Educating people about climate change, through music

What if you could hear climate change? Physicist Robert Davies and the Fry Street Quartet are blending music and the science of sustainability to educate audiences and spur public action.


What if you could hear climate change?

Physicist Robert Davies and the Fry Street Quartet are blending music and the science of sustainability to educate audiences and spur public action.

Let's listen in.

Robert Davies is a physicist by training.

He also feels it's important to share science with non-scientists.

I was giving lots of public science lectures on climate change and finding that the audiences were understanding the information intellectually...

But he discovered that lectures aren't always the most effective means of communication.

The information is telling them that they're existing on the edge of some very extreme risk, but it doesn't feel like that to most of us in middle-class America.

And so, how do we connect on a more personal level?

...functions and connections...

He found one answer in a field separate from science.

This is something the arts is just tailor-made for and serves us so well in society.

So I approached the Fry Street Quartet to see if they would be interested in collaborating on a joint musical project and then along with some other digitals artists to put this together.


This is what he calls The Crossroads Project.


I like to call it performance science as well as performance art.

It's a communication project that seeks to use and leverage the arts in service of communicating just some very critical ideas about global sustainability and climate change.


Davies recently brought The Crossroads Project to the University of Central Florida.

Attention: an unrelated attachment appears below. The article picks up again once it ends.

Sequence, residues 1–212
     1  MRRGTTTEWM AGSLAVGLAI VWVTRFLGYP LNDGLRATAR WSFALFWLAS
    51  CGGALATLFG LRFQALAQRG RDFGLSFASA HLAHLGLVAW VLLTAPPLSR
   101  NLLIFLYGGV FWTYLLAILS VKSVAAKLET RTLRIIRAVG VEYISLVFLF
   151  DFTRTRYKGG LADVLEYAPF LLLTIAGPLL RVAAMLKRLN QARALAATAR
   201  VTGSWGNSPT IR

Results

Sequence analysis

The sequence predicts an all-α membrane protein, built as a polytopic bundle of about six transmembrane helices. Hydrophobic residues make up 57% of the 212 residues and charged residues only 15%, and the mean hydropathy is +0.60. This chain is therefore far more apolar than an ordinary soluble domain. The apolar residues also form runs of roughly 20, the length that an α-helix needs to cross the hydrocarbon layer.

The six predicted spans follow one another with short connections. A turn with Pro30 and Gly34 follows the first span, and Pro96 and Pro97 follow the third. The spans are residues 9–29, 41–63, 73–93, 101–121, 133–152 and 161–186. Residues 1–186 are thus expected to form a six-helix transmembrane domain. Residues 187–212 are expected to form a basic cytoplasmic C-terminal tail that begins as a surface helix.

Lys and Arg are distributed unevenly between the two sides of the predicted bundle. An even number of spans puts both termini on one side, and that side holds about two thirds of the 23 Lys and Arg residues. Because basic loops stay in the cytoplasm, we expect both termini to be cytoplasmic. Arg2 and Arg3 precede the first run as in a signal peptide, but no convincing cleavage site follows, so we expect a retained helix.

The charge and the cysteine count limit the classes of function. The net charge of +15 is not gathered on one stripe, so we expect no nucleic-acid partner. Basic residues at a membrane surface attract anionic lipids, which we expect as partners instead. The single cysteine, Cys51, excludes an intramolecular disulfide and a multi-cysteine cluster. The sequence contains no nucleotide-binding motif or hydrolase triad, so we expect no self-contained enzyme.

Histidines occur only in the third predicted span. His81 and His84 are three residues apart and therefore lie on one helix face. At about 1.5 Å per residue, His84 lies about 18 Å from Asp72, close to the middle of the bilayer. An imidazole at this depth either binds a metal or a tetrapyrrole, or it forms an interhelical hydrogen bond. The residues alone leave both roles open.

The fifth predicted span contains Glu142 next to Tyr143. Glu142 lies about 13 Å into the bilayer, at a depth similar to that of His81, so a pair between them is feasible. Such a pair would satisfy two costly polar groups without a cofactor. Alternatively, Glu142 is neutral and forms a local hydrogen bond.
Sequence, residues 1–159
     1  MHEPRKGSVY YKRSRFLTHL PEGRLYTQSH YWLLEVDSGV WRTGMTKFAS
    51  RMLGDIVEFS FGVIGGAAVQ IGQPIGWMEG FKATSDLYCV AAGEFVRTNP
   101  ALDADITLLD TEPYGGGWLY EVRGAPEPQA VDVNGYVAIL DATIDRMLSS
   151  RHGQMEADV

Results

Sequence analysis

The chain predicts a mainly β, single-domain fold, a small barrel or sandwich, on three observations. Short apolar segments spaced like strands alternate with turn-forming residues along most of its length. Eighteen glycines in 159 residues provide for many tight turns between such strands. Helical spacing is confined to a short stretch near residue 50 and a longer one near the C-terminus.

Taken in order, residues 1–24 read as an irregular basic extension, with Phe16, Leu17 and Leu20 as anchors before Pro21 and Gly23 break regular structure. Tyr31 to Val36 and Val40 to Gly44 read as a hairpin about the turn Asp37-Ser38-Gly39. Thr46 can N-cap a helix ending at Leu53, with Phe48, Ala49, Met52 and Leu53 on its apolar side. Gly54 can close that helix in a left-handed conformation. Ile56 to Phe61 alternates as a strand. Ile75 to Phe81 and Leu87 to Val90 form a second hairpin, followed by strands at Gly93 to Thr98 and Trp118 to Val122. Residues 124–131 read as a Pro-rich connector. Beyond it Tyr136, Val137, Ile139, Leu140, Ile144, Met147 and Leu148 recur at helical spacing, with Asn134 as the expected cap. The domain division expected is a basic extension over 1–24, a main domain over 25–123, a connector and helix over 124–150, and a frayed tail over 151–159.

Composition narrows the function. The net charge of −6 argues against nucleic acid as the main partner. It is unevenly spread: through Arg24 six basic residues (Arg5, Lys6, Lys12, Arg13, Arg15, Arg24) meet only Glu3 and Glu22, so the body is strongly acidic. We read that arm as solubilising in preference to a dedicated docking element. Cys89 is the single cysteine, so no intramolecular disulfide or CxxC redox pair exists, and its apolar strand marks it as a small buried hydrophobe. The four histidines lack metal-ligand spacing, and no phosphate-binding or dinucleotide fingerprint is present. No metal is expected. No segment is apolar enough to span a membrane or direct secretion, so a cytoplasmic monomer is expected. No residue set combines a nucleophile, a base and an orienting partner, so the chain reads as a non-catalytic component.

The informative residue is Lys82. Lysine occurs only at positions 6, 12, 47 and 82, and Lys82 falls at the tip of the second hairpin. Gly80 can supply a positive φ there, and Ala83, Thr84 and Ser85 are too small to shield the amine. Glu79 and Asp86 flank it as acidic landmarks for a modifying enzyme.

Before their performance, members engaged the university community in a more traditional setting.

We wanted to host a series of workshops that would engage both the students and the faculty regarding sustainable issues, understanding where individual perspectives come from, the types of behaviors that we're encouraged to engage in, as well as sharing ideas and solutions for the barriers and individual factors that keep us from taking part.

...what makes us feel capable versus what makes us...

Just hearing what students feel about the matter shows us how we should go about giving the information to other students so they don't feel guilted or they feel positive and want to be motivated to make a change on the UCF campus.

In addition to opening lines of communication, the workshop provided valuable insights for the Crossroads performers.

It's important for us, I think, as the performers on this topic, to hear where the audience is, to hear from their mouths how they're thinking about these issues, what their conceptions are, in some cases what their misconceptions are.

That informs how we approach it.

Certainly will inform how I approach tonight's performance.

♪♪ One thing that sound evokes is the music of a Spring morning.

♪♪ The performance itself is a series of vignettes.

I like to call it sort of a poetic science lecture combined with some very compelling imagery.

What the imagery does is allow us to show what the impacts of our lives are on the natural systems around us, the living systems around us, to include other people and other places.

[ Speaking indistinctly ] And then, each vignette is concluded by a movement of a string quartet, performed by the Fry Street Quartet.


I feel my duty, first and foremost, is to communicate through my playing.

♪♪ I think the music is one of the most powerful elements in the performance, the idea being that the musical space is the opportunity the audience has to really ruminate on what they've told.

16,000 plastic bags.

[ Speaking indistinctly ]

That thought process is the heart of Project Crossroads' mission.

The performance is really designed for people who already understand we have these problems but maybe just aren't behaving like it.

And so it's to take them to a place that motivates them largely on an ethical basis.

Asks the question, 'Is what you're seeing consistent with the person you see yourself to be?'

♪♪ The risks we face as a global civilization at this point are enormous.

It is not mandated that this will play out catastrophically.

Our aim isn't to educate you, really, on this performance.

Our aim is to motivate you strongly to educate yourself, and one of the aspects of that is just talking about these topics, among our peers, among our colleagues, among our families, certainly in our public lives, talk about it.